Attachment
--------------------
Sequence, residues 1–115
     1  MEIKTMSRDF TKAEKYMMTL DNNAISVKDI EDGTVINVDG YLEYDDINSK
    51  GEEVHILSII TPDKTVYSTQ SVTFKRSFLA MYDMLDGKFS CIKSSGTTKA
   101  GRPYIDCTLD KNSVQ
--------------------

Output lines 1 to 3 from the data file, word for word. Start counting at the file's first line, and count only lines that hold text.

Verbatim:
Sequence, residues 1–115
     1  MEIKTMSRDF TKAEKYMMTL DNNAISVKDI EDGTVINVDG YLEYDDINSK
    51  GEEVHILSII TPDKTVYSTQ SVTFKRSFLA MYDMLDGKFS CIKSSGTTKA